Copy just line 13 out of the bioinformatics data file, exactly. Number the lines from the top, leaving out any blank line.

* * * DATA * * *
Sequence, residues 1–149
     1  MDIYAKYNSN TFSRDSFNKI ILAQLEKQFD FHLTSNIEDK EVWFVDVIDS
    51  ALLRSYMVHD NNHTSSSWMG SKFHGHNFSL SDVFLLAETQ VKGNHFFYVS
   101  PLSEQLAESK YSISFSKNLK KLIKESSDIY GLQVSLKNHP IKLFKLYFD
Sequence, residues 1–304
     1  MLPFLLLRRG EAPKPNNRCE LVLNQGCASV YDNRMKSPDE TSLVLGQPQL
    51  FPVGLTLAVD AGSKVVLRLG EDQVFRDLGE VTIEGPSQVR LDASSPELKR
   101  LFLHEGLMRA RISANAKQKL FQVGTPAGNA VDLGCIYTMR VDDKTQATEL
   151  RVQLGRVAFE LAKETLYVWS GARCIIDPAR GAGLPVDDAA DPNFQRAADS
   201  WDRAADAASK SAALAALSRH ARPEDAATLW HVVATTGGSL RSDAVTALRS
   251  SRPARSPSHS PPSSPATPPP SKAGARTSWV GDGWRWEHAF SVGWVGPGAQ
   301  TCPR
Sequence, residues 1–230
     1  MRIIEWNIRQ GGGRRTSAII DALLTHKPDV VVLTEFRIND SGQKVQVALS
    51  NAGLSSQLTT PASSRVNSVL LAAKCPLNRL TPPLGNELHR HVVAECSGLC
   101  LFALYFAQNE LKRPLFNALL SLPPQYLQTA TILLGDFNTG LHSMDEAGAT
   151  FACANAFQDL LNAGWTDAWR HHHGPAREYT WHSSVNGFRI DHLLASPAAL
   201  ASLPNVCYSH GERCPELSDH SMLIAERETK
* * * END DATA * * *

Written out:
Sequence, residues 1–230